Our reptilian and/or emotion brain anticipates trouble usually based on past experiences and the task of our higher brain is to find solutions. Illusions and delusions create shadows that reside in our mind. Our heart, the organ of love, which some people call the seat of our soul, has the power to provide the necessary objectivity to transcend illusions and delusions, which is the formula for renunciation that leads to invincibility. Passion and reason have always been at war with one another. The human mind can waffle and make any decision seem like a fifty-fifty proposition. However, our heart can access the quantum field, intuit accurate information, and tip the scale to enable us to make enlightened decisions.

I imagine that prehistoric man was like the Tzutujil and did not question his or her connection to everything—each other, the winds and tides, the earth, the movements of animals, or seasonal crop cycles. The way humans shared insights that expanded each tribe’s wisdom to one another seems to me more organic than oral. The book, Ethnologue: Languages of the World Though reports that our collective linguistic abilities have expanded into over 7,000 languages. That means 7,000 names for god. That is 7,000 names for suffering, joy, and love. That is 7,000 languages attempting to define the enigma of oneness that our prehistoric ancestors likely took for granted. 7,000 ways to describe an appropriate mind-heart-soul connection is simply a recipe for noticing remarkable similarities, but also perpetuating disparities.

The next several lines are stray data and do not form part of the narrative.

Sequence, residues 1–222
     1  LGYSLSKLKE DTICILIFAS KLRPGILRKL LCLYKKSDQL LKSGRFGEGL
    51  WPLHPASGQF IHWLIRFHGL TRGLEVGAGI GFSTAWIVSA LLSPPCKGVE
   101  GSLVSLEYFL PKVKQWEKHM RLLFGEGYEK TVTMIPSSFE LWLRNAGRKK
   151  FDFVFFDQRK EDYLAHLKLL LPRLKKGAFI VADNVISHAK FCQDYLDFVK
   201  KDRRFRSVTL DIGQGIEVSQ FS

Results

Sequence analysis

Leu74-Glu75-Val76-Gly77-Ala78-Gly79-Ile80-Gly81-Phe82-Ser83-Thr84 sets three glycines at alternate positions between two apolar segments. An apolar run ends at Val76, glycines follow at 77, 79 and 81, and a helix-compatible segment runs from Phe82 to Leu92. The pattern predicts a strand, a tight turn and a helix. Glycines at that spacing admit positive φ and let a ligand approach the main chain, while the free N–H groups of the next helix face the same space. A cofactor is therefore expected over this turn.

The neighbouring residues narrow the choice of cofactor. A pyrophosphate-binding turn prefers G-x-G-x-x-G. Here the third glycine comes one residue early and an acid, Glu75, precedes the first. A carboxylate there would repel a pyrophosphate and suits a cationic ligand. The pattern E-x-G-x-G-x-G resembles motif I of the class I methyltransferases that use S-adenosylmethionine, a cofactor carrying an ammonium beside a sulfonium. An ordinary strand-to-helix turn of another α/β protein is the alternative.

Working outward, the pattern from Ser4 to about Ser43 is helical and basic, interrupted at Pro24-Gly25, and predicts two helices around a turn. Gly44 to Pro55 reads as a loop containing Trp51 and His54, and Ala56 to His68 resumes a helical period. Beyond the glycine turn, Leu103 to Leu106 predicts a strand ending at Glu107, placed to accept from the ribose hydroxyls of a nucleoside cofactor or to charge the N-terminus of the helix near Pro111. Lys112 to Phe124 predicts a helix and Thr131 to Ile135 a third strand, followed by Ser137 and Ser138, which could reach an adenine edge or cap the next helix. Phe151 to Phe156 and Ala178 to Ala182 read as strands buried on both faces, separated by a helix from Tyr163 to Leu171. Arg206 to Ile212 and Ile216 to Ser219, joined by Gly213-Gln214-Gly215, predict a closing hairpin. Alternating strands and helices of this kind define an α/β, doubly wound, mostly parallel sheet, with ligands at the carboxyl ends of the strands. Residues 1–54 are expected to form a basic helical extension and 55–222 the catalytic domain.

Devolution and evolution are simultaneously occurring events. As humanity evolved, intellect dominated civilized society, intuition was ridiculed, and the important role of the human heart and soul diminished. People were expected to follow orders and orthodoxy from hierarchy in many paternalistic areas of the world, rather than explore oneness through diversity. The work it takes to establish equanimity between our mind-heart-soul connections within the community of ALL of divinity is arduous. While humanity expanded its intellect and ability to communicate, we minimized our ability to recognize our heart and interconnectedness. With that devolution came in a host of plotlines and polarity for the humanity drama. I encourage everyone to remember your roots, follow your heart, and create a home for diversity. Emotional expression needs warm hearts to heal humans, but also society. If not, we can get lost in the water and feelings become….homeless beasts.

Eric Ehrke is a psychotherapist at Ommani whose book, The Promise of Wholeness: Cultivating Inner Peace, Mindfulness and Love in a Divided World (Rowman & Littlefield Publishers) was published in February 2019.

Eric sees patients at Ommani on Mon, Tues, & Wed.  Call 262.695.5311 to schedule.

He will be offering an all-day workshop on Friday, May 17th called Personal Guidance, Intuitive Wisdom, and Meditation 101.

On two Thursdays (May 9th and May 16th from 4:30 to 6:30PM) he will offer Meditation and Mind Body Solutions for Sensitive Teens. See the Announcement/Class Schedule section of the newsletter for more detailed descriptions of the workshops.